Carl Schneider

From Wikipedia, the free encyclopedia
Jump to navigation Jump to search

Not to be confused with bioethicist Carl E. Schneider or psychologist Kurt Schneider.

Carl Schneider (December 19, 1891 in Gembitz, Kreis Mogilno, Province of Posen – December 11, 1946 in Frankfurt am Main), professor at Heidelberg University, (1933–1945)[1] chairman of its department of Psychiatry,[2] director of its clinic, was a senior researcher for the Action T4 euthanasia program.

Schneider is said to exemplify the descent of a distinguished academic psychiatrist into the Nazi worldview. Some described him as having shown great empathy in his psychiatric rehabilitation work, and having a great idealism about transforming the 'horror' of psychiatric patients thought to be regressed, isolated and backward. He would sometimes put forward two possible ways of helping a patient – one of them 'work therapy', and the other to sterilize or kill them.[3]

Schneider joined the Nazi Party in 1932. He defined and elaborated the psychological assumptions of Nazi ideology and science. He coined the term national therapy for ethnic cleansing: ridding the populace of genetic and blood contaminants threatening the psychological and physical health of the German/Aryan population.[4] He collected the brains of murdered Jews,[2] retarded children, and other victims, for research in his clinic and for instruction. He taught a technique of replacing spinal fluid with air, to get clearer x-rays of the brain.[citation needed]

Schneider, along with Konrad Zucker, helped Heidelberg become one of the two leading training centres for the killing of children for theoretically scientific purposes, which went on at thirty clinics for three years.[5]

After the war[edit]

At the end of the war Schneider flew out of Heidelberg on the 29 March 1945. The U.S. occupation authorities barred his reinstatement to the university's medical faculty, even before they learned of his role in the euthanasia program. Later Schneider was arrested and moved to Lager in Moosburg . On the 29 November 1946 Schneider was given to the German justice authorities in Frankfurt am Main, to be a witness in the trial against Werner Heyde. Prosecutor said to Schneider, that in a trial his position would be very bad. On the 11 December 1946 Schneider hanged himself in his prison cell (1946) awaiting trial in Frankfurt am Main. His co-workers were not punished and could continue their work.[6] [7] His membership in the Heidelberg academy of sciences was deleted.[8][9][10][11]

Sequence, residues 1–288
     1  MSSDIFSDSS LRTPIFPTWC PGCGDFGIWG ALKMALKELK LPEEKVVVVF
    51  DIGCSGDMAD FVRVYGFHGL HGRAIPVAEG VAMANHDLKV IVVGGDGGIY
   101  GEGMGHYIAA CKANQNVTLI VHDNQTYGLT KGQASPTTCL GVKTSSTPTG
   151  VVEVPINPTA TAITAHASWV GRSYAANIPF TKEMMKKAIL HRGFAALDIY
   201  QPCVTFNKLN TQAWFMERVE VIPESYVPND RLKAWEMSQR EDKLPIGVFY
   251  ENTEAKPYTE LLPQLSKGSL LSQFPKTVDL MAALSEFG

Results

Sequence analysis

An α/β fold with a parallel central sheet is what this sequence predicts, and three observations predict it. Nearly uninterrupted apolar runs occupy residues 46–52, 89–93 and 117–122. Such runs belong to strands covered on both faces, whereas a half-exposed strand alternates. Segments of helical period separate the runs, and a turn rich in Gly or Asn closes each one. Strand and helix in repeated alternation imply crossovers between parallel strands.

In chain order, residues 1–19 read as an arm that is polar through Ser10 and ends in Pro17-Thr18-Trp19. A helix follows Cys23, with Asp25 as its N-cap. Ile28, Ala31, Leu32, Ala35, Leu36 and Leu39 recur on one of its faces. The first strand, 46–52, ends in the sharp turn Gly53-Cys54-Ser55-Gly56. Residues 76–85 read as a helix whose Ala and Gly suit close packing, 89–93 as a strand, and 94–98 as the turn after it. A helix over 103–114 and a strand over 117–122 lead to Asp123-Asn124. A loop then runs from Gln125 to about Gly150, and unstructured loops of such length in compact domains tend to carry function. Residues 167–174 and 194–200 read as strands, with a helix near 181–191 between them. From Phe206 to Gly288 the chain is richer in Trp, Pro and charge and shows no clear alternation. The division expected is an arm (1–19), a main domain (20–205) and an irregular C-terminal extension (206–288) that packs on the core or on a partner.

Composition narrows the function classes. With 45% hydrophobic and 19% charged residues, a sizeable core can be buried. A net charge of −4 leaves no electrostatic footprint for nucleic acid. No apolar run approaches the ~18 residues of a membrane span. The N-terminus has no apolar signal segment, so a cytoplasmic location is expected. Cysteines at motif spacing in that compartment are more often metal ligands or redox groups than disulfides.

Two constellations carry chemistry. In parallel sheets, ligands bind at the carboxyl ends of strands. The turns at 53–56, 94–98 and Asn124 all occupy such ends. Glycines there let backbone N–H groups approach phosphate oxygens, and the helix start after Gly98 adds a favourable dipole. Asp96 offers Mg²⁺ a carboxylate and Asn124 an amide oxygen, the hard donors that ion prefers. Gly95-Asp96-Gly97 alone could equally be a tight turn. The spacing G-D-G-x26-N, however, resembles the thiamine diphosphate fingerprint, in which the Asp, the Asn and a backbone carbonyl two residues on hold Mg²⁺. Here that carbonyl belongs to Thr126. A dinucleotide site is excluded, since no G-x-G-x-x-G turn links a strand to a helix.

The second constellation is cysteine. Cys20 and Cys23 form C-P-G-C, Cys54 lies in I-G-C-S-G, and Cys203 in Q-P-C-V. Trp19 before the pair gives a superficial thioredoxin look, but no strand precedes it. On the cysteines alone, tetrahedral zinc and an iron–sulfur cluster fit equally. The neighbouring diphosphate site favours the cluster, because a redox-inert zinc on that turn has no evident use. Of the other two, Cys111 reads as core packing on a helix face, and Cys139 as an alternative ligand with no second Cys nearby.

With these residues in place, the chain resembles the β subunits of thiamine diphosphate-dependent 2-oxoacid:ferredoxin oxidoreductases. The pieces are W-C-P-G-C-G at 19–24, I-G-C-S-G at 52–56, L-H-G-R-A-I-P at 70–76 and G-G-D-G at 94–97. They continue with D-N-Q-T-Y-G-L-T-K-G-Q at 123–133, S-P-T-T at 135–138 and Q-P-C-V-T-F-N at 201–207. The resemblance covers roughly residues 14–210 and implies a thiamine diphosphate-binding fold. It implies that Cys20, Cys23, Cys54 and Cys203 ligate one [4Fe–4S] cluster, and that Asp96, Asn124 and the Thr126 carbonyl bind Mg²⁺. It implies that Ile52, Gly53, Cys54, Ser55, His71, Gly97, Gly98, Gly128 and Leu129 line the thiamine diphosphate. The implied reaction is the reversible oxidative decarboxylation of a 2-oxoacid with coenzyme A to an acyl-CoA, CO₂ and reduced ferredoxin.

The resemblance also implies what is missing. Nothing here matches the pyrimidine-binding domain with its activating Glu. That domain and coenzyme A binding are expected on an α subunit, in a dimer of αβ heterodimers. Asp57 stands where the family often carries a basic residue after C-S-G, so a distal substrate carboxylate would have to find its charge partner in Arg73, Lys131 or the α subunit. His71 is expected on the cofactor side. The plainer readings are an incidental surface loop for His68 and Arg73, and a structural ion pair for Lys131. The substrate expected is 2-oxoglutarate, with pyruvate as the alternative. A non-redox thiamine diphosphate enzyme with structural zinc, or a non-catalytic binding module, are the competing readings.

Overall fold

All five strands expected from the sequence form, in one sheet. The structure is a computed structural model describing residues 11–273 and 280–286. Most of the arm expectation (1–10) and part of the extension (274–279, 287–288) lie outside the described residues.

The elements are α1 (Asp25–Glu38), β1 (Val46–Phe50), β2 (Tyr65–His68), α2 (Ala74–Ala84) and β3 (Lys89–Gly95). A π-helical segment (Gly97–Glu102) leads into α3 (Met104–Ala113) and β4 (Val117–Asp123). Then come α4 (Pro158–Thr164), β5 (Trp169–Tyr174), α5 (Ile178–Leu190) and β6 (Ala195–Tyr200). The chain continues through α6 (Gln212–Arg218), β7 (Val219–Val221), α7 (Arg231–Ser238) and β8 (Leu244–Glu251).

1. ^ Shorter, Edward (2005). A historical dictionary of psychiatry. New York: Oxford University Press. ISBN 978-0-19-517668-1. Retrieved 2009-10-01. 
  2. ^ a b Y. A. Adam (March 2007). "Justice in Nuremberg: The Doctors' Trial – 60 Years Later A Reminder" (PDF). Israel Medical Association Journal. Israel Medical Association. 9 (3): 194–195. PMID 17402338. Retrieved 2009-10-01. 
  3. ^ The Nazi doctors: medical killing and the psychology of genocide pg 122 By Robert Jay Lifton 2000
  4. ^ James M. Glass. "Nuremberg Laws: Genocide and Crimes Against Humanity"., Inc. Retrieved 2009-10-01. 
  5. ^ The Strassmanns: Science, Politics and Migration in Turbulent Times (1793-1993)
  6. ^ M. Rotzoll, G. Hohendorf: Die Psychiatrisch-Neurologische Klinik. 2006.
  7. ^ Peter Sandner: Verwaltung des Krankenmordes. Der Bezirksverband Nassau im Nationalsozialismus. Psychosozial-Verlag, Gießen 2003, ISBN 3-89806-320-8, S. 932–934, S. 741.
  8. ^ Carl Schneider. In: "Mitglieder der HAdW seit ihrer Gründung im Jahr 1909" (in German). Heidelberger Akademie der Wissenschaften. Retrieved 2016-06-11. 
  9. ^ Remy, Steven P. (2002). The Heidelberg myth: the Nazification and denazification of a German university. Cambridge, Massachusetts: Harvard University Press. pp. 118, 138. ISBN 0-674-00933-9. LCCN 2002069072. Retrieved 2009-10-01. 
  10. ^ Uwe Henrik Peters, M.D. (2001). "On Nazi Psychiatry" (Fee). Psychoanalytic Review. National Psychological Association for Psychoanalysis. 88 (2): 295–309. doi:10.1521/prev. Retrieved 2009-10-01. Schneider also committed suicide, in 1946, while in prison waiting for his trial to begin. 
  11. ^ L Singer (December 3, 1998). "Ideology and ethics. The perversion of German psychiatrists' ethics by the ideology of national socialism". European Psychiatry. Elsevier SAS. 13 (Supplement 3): 87s–92s. doi:10.1016/S0924-9338(98)80038-2. PMID 19698678. Carl Schneider committed suicide by hanging after his arrest... (subscription required)